Colorectal Cancer (CRC) is now the third leading cause of cancer-related deaths in the U.S. A report in Foundation Medicine highlights data on the increase in the number of cases among people under the age of fifty. The American Cancer Society reports that half of the new rectal and colon cancers occur in people younger than sixty-six.
These very significant statistics have caused clinicians to delve deeper into locating the cancers’ drivers. Researchers are attempting to identify how they differ across age groups and how their findings can assist in treating cancers.
Considering Comprehensive Genomic Profiling
In the realm of driver mutations, KRAS mutations represent approximately thirty to fifty percent of the drivers in colorectal tumors.
Although the KRAS can be helpful in understanding the tumor growth and predict progression, patients with the KRAS mutation may not respond well to the anti-EGFR (estimated glomerular filtration rate).
In this regard, efforts are now underway to locate relevant biomarkers that would determine treatment recommendations.
Researchers conducted a prior study of four thousand CRCs. They looked at recurrent mutations that could provide clues to either a response or resistance to targeted therapies.
Their study shows the importance of submitting tumor samples for testing through genomic profiling rather than hot spot or testing single genes.
The Significance of Age in CRC
Researchers have learned that CRC’s genomic drivers are influenced by the patient’s age. This is of interest to clinicians due to the recent increase in younger patients with CRC.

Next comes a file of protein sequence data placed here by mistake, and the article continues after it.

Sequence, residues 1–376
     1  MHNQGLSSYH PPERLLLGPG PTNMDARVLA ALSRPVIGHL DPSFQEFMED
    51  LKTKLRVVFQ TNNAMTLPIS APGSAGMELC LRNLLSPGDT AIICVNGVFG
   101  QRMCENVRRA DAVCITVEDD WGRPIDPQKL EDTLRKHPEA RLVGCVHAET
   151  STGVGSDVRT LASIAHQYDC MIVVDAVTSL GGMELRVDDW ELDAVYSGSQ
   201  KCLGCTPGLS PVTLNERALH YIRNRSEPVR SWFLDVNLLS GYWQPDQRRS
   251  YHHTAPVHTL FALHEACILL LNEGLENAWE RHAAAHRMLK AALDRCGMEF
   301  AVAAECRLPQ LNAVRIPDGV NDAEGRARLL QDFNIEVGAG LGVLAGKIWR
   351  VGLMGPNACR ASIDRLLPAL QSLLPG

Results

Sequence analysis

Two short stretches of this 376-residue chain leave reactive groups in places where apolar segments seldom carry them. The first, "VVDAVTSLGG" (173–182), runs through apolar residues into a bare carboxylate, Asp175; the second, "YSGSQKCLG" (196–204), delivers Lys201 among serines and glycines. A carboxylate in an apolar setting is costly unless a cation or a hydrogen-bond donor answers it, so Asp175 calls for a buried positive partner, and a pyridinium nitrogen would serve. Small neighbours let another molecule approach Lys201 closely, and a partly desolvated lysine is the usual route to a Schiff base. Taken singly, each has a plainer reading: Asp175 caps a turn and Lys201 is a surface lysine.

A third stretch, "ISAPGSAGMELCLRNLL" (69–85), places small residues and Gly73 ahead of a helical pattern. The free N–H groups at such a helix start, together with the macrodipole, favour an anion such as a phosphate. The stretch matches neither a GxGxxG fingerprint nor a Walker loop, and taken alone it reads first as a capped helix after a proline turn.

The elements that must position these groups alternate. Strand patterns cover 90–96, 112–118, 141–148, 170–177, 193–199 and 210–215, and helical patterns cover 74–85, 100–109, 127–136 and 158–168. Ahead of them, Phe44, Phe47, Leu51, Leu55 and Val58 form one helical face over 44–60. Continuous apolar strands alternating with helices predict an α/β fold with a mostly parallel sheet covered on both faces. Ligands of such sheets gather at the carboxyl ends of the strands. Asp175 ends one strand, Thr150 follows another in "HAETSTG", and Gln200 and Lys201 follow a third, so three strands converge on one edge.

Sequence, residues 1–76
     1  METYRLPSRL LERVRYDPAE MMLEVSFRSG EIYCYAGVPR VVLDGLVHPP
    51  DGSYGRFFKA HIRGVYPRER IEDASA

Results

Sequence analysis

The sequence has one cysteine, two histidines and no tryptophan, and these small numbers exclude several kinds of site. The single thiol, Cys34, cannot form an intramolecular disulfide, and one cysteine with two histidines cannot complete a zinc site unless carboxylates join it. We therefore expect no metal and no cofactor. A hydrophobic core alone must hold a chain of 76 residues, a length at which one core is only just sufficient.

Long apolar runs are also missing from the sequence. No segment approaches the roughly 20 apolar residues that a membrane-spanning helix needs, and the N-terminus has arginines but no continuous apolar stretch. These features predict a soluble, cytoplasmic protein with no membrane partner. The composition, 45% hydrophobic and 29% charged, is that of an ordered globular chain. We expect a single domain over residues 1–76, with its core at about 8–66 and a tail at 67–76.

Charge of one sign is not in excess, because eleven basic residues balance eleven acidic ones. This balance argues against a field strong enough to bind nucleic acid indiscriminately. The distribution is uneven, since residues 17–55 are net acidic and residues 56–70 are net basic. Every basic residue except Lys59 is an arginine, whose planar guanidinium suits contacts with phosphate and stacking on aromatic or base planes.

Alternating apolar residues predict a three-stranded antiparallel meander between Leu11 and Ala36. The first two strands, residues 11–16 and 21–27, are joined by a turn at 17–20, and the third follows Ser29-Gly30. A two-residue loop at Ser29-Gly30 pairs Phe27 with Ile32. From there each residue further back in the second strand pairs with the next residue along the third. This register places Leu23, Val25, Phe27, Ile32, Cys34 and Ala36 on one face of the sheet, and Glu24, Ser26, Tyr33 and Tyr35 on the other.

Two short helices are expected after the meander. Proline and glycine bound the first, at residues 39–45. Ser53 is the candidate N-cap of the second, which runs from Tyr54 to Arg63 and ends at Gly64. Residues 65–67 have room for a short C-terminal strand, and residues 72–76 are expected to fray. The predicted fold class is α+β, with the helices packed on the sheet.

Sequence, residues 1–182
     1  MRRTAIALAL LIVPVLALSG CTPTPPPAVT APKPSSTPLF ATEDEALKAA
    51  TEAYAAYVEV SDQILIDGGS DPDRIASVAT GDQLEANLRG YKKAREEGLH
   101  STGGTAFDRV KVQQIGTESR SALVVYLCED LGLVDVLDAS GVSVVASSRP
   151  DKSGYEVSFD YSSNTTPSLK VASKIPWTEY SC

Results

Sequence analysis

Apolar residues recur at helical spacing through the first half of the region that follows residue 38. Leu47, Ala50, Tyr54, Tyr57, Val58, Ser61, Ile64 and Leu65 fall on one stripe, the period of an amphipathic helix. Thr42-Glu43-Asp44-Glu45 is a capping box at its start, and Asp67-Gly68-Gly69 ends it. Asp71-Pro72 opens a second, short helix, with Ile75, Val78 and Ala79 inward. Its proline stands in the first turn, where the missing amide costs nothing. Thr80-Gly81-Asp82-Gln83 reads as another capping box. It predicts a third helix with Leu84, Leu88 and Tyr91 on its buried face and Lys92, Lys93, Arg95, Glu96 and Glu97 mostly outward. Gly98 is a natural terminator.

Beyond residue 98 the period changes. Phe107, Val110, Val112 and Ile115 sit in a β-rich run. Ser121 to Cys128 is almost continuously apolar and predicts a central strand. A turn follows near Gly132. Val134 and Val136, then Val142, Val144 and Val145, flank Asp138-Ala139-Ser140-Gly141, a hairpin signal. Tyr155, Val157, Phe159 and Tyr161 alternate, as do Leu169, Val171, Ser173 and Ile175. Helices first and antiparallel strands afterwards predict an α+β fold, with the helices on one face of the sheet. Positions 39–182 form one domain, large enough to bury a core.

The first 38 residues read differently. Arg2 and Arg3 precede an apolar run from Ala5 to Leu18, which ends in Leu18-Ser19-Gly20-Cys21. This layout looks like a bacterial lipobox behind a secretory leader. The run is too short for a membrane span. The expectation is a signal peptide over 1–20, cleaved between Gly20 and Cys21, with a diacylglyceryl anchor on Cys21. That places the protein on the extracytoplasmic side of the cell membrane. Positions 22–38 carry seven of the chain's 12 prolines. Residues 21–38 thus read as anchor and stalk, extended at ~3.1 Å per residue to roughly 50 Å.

Another study by Foundation Medicine showed that two alterations, CTNNB1 and TP53, appeared more frequently in patients under the age of forty.
The same study showed that BRAF, FAM123B, and KRAS were found frequently in patients over the age of forty. The researchers point out the importance of comprehensive genomic profiling to identify potential alterations.
In spite of the progress so far in CRC research, there is still a tremendous amount of work ahead to develop treatment options for patients.
Although each patient should be treated as being unique, it is still important to look for commonalities among all age groups in order to determine the best treatment options.
About Microsatellite Instability High
Fifteen percent of CRCs are either microsatellite instability or MSI high. That means that cancer cells with high numbers of mutations within microsatellites are excellent biomarkers and will be recognized by the immune system. That would make the tumors sensitive to checkpoint inhibitor immunotherapy.
But what about the other eighty-five percent of CRC patients who have stable microsatellite disease? How do we locate the remaining responders? TMB may provide the solution.
About (TMB) the Tumor Mutational Burden
The biomarker TMB has shown efficacy in predicting immunotherapy response in many different types of cancer. It may work with MSI to determine potential responders.
Researchers and collaborators at Foundation Medicine published the largest TMB study to date. They determined that TMB may be able to identify almost all patients with MSI-high as well as patients with microsatellite stable CRC. Immunotherapy may therefore be of benefit in these cases.
Foundation Medicine Inc. will continue its efforts to locate other relevant biomarkers as options for treatment decisions.